What VCs Look for in Founders

I recently found an article by Shikhar Ghosh in which he interviewed Nick Grouf. Now Shikhar is an angel investor and Professor of Management Practices at Harvard Business School. Nick Grouf earned his MBA at HBS, bootstrapped several successful ventures, co-founded a tech-based incubator, and started an investment firm. This article is so good I just wanted to talk about it. The bulk of what follows is my impression of the take-away points from the article.

Nick identified four things Founders should focus on

  1. Business Model
  2. Communication
  3. Intellectual Integrity
  4. Balancing Risk

Business Model

If you’re going to disrupt an industry, be sure to consider what that industry might do in response. Seems simple, right, but many founders ignore this.

Are you focused on the vision, the future imagining what it might look like? That’s great. But, if you’re not carefully considering consequences, then you’re setting yourself up to be blind-sided. Don’t do that.

Try to imagine you’re looking at someone else in your situation. Try to remove yourself from the story and view it at face value. This exercise can help give you some much-needed perspective.

Ask questions about buy motivation, economic value, and customer experience from this new perspective. Does your initial strategy still hold true or can you see ways to improve it?


Can you simply and clearly explain your business model to anyone? Have you explained it to everyone in your business, your investors, customers, partners, your neighbor? Can you do it in under 5 minutes? Can you do it in 60 seconds?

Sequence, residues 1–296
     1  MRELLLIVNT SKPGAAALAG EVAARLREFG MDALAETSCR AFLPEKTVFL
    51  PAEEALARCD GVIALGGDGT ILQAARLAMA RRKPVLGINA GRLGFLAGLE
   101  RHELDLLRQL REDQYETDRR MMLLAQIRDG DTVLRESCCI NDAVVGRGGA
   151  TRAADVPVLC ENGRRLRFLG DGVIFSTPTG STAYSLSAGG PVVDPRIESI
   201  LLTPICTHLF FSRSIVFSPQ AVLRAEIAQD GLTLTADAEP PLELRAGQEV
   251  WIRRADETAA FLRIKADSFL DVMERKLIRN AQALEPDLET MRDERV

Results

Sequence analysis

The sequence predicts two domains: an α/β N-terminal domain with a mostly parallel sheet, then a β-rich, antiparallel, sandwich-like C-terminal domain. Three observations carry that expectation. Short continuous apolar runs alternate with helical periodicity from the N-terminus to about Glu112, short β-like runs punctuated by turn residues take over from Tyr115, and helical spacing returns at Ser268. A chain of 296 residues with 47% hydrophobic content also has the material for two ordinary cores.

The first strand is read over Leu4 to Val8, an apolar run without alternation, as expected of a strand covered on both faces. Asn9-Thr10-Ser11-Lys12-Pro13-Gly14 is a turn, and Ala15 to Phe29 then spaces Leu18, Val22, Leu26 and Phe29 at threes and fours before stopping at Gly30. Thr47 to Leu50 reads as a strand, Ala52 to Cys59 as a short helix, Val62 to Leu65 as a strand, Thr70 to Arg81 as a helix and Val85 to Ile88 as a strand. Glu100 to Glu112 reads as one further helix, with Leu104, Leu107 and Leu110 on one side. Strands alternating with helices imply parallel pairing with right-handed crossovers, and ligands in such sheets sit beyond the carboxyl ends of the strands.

It can be difficult to communicate clearly, simply, in a straightforward and uncomplicated manner. It can be difficult to declutter your thinking so that fears, emotions, hopes, distractions, biases, and words (or the lack thereof) don’t get in the way. Try it. Practice it. Embrace it.

Learn to say more with less.

Intellectual Integrity

How well do you know yourself, your strengths, and your weaknesses? You will likely take on more than you can handle when you don’t know yourself well. You will promise things you can’t deliver. You’ll tend to turn away from the truth even when it’s staring you in the face. It will cost you time, money, resources, friends, goodwill, and maybe even your business.

Learn your limits so that you can ask for help when you need it.

Don’t try to take on everything yourself just because it’s a startup.

Some mistakes are recoverable, others are not. Stay focused on your success and be willing to get help to ensure that success. Don’t make an unrecoverable mistake.

Balancing Risk

Founders are notorious risk takers. That’s necessary to survive a startup, but it’s also bad if you expect others to have the same risk tolerance level. If you’re not obviously considering the risks you’ll come across as careless or immature and that’s not what you want. You need to demonstrate that you are aware of the risk, have plans for mitigations, and are actively engaged in managing the risks.

Risks exist in your business plan, your team, and your market. In the earliest days, the team is of top importance because it is on their shoulders to lift the company to the first level. Some team members will leave at this point, having done their best and opening the doors for others to move the company forward. It’s just the way it is. Not everyone will make the full journey. As a founder, you need to understand this and be able to identify who on your team will leave at what stage and plan accordingly. Even if the one to leave early is you.

Here’s the link to the original article.

Ready to start managing your risk? No problem, that’s what I’m here for. Contact me, and we’ll talk about what strategy makes the most sense for your organization. Whether you hire me or not I’ll give you solid advice and actionable recommendations. Charlene@fismacs.com

New Managing Risk Paper